There were certain years - by chance, I suppose - in which the Westerns were exceptionally good. Think of 1953, for example, vastly better than either the preceding or following year’s offering. Shane, The Naked Spur, Hondo, Escape From Fort Bravo, these were world-class Westerns. 1948 was another bumper year. The Treasure of the Sierra Madre, Red River, Fort Apache were all five-revolver Westerns on the Arnold Scale, and that year we also got Yellow Sky, Blood on the Moon, The Man from Colorado, Whispering Smith, Four Faces West, and so on. But there were 138 Westerns that year (oh, blessed epoch) and with Red River and Fort Apache around, it’s easy to overlook other little gems. There was also a large number of really good B pictures that definitely repay viewing today.
Such a one is Return of the Bad Men, a whoop-de-do Randolph Scott oater from RKO.
I love Westerns of that time. They were proper cowboy movies. None of your post-modernist revisionism, thank you very much, just classic gallopin’ and shootin’ and a showdown between the hero and the bad guy in the last reel. This time in a ghost town.
It was directed by good old Ray Enright who started in movies as an assistant cutter for Thomas Ince before the First World War, joined Warner Brothers in the 1920s and directed early talkies at the end of the decade. Probably his biggest picture was the 1942 version of The Spoilers with John Wayne and Marlene Dietrich but also classy oaters were Coroner Creek and Albuquerque with Randolph Scott. His movies were unpretentious, professionally turned out, energetic fun.
Randolph Scott and Gabby Hayes had been a success in Badman’s Territory in 1946 (James gang, Daltons, Sam Bass, Belle Starr) and this was an attempt (a successful one) at a re-run.
Marshal Randy and banker Gabby
The plot is really very silly but great fun because they assemble the baddest gang of badmen you could ever wish for. Bill Doolin (Robert Armstrong) is the boss and in the ranks there are three Dalton brothers (Walter Reed, Michael Harvey and Lex Barker), three Younger brothers (Robert Bray, Tom Keene, Steve Brodie), Billy the Kid (Dean White) and The Sundance Kid (Robert Ryan, splendid), among others. Wow. And against all those, one lawman, Marshal Vance (Scott).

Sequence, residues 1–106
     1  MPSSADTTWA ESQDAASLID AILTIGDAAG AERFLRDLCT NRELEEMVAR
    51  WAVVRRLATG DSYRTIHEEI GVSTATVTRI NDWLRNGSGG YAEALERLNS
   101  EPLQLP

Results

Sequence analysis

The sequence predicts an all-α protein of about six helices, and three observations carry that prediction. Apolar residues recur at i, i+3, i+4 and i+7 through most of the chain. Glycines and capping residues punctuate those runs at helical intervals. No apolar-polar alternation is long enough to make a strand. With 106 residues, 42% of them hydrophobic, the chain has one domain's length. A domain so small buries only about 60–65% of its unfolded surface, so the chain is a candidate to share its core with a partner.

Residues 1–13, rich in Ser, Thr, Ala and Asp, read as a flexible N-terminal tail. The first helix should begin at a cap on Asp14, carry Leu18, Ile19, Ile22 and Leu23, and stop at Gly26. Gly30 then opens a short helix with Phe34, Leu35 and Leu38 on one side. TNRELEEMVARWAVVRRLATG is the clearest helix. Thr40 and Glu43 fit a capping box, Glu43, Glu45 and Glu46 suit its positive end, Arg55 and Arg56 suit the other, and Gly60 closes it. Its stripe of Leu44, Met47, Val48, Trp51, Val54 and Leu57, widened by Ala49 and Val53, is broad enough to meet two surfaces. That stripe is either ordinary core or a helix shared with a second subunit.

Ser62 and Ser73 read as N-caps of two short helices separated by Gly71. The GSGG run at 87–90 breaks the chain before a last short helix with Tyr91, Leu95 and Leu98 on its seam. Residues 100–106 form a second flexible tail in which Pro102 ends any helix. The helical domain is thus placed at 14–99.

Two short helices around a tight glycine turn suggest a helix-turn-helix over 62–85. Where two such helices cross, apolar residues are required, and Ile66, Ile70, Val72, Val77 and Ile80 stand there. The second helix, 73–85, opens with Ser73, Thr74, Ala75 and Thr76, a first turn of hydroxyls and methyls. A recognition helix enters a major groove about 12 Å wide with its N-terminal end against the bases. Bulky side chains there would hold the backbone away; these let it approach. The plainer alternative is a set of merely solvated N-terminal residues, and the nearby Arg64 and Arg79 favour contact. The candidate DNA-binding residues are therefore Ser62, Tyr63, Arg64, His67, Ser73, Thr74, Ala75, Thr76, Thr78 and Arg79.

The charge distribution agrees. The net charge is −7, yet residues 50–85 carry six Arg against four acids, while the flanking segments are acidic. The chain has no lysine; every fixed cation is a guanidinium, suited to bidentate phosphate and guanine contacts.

Billy the Kid
Bob, Grat and Emmett Dalton
We are in Oklahoma, 1889 (so Billy must have survived Fort Sumner) and it’s a land-rush picture. The townsfolk of Braxton are abandoning it to set up a new burg, Guthrie. Gabby Hayes is the cranky old banker and his posh daughter Madge (Jacqueline White) has fallen for Vance, though Doolin niece Cheyenne (Anne Jeffreys) wants to muscle in. Get the picture?
John, Jim and Cole Younger
Stand-out is Robert Ryan, always one of the best bad guys available, as The Sundance Kid. Robert Redford he ain’t. His Sundance manages to murder an old unarmed Indian, strangle a blonde heroine and shoot a stranded accomplice in the back, among other assassinations, all in half an hour. Boy, is he evil. And when you look at the cast, Ryan is in fact the only really good actor on the set. He outshines the B screenplay to the point where you wonder what he is doing there. Brilliant.
Ryan, splendid as The Sundance Kid
Murder most foul
The action whips along and there are trains and stages and all manner of rootin’-tootin’-shootin’. La Jeffreys and la White provide the glamor, Gabby gives us the comic relief, Ryan (all in black) is someone to boo and hiss. Great stuff. I heartily recommend Return of the Bad Men to your attention. It will be 90 minutes that will enrich your life, deepen your soul and make you a better person.
Well, I may be getting a bit carried away there but you won’t regret it anyway. I was almost tempted to give it four revolvers. Good sense prevailed but it’s definitely worth its three.